Finally the head allowed himself a deep, deep breath, gawped again at the printed answer sheets in his hand - the masses of complicated workings and neatly resolved solutions - then carefully placed them back in the drawer and slid it shut. He could hardly credit it. If he hadn't been sitting here through the entire examination, he'd swear the boy must have cheated. But quite obviously, that was not the case. So ... what did Harmon have here?
'Intuitive,' Howard Jamieson had called the boy, an intuitive mathematician'. Very well, Harmon would see how well (if at all) this intuition of his worked with the next paper. Meanwhile �C
The headmaster rubbed his chin and stared thoughtfully at the back of Keogh's head. He must speak to both Jamieson and young George Hannant (who'd first brought the boy to Jamieson's attention, apparently) at greater length. These were early days, of course, but ... intuition? It seemed to Harmon that there just might be another word for what Keogh was, one which the teachers it Harden simply hadn't thought to apply. Harmon could well understand that, for he too was reluctant. > The word in Harmon's mind was 'genius', and if this was so then certainly there was a place for Keogh at the Tech. Harmon would soon discover if he was right. And of course he was. It was only in his application that he was wrong. Keogh's 'genius' lay in an entirely different direction.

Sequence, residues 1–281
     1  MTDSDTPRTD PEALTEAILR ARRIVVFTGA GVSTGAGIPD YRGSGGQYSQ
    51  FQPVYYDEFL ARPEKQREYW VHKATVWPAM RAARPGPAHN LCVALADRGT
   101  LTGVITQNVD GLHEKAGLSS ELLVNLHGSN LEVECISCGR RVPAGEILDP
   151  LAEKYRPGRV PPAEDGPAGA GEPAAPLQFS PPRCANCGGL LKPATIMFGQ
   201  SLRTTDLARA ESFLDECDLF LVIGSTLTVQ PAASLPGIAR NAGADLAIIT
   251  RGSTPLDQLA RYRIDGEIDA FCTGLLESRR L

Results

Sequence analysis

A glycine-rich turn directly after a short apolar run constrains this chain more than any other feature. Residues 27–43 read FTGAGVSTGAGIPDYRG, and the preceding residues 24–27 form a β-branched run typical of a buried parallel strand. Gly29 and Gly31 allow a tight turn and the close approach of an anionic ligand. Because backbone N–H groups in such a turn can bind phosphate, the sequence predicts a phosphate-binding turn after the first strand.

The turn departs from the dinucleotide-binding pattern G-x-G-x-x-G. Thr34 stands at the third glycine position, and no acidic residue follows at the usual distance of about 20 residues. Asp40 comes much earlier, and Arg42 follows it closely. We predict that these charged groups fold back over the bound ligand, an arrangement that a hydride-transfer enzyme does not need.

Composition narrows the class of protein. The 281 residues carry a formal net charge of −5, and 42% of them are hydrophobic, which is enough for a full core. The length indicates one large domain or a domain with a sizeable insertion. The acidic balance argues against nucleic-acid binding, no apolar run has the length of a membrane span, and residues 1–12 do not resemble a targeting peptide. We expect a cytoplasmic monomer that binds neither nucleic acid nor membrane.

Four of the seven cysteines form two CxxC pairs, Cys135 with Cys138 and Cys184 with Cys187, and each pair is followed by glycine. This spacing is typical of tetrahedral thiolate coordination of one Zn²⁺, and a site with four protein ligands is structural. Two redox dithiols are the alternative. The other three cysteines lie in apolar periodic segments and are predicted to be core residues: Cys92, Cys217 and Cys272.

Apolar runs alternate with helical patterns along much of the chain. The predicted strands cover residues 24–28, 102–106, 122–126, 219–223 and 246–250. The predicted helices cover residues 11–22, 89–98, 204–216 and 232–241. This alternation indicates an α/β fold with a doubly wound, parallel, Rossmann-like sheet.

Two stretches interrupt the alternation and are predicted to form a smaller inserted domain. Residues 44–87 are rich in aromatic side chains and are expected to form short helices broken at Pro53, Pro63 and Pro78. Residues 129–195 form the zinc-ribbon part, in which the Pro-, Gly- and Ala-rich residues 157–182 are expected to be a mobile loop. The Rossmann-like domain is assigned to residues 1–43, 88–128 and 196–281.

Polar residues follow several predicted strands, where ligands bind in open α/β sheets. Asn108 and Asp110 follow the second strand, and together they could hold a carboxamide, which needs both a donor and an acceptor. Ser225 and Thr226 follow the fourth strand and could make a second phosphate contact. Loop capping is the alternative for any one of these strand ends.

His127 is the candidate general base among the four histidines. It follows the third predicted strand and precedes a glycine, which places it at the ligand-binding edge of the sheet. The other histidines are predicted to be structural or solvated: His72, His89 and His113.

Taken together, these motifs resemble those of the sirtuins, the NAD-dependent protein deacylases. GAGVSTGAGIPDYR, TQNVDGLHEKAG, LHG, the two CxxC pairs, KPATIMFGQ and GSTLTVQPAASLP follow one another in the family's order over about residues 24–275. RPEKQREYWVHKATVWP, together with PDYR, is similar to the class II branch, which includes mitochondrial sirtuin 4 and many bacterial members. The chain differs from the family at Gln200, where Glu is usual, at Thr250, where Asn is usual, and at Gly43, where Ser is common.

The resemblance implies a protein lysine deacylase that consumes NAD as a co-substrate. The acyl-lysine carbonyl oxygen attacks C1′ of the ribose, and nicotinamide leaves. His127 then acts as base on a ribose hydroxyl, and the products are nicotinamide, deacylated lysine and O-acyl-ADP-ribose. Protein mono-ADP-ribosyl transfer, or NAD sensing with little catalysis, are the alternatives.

Jack Harmon was short, fat, hirsute and generally apish. He would be quite ugly except that he exuded a friendlin ess and an aura of well-being that cut right through his outer guise to show the man inside for what he really was: one of Nature's truest gentlemen. He also had a quite brilliant mind.
In Harmon's younger days he had known George Hannant's father. That was when J. G. Hannant had been head at Harden and Harmon had taught elementary Maths and Science at a tiny school in Morton, another colliery village. On and off over the intervening years he'd met the younger Hannant and so watched him grow up. It had come as no great surprise to him to learn that George Hannant, too, had finally come into 'the business' - teaching must be as much a part of him as it had been of his father.
'Young Hannant', Harmon had always thought of him. Ridiculous - for of course George had been a teacher now for almost twenty years!
Harmon had called the Maths teacher down from his own school to Hartlepool in order to talk to him about Harry Keogh. It was the Monday following Keogh's 'examination' and they had met at the Tech. Harmon lived close by and had taken the younger man home with him for a lunch of cold meats and pickles. His wife, knowing it was business, served the food then went shopping while the two men ate and talked. Harmon opened with an apology:
'I hope it isn't inconvenient for you, George, to be called away like this? I know Howard keeps you pretty busy up there.'
Hannant nodded. 'No problem at all. "Himself is standing in for me this afternoon. He likes to take a crack at it now and then. Says he "misses" the classroom. I'm sure he'd swap that study of his - and the admin that goes with it - for a classroom full of boys any time!'
'Oh, he would, he would! Wouldn't we all?' Harmon grinned. 'But it's the money, George, it's the money!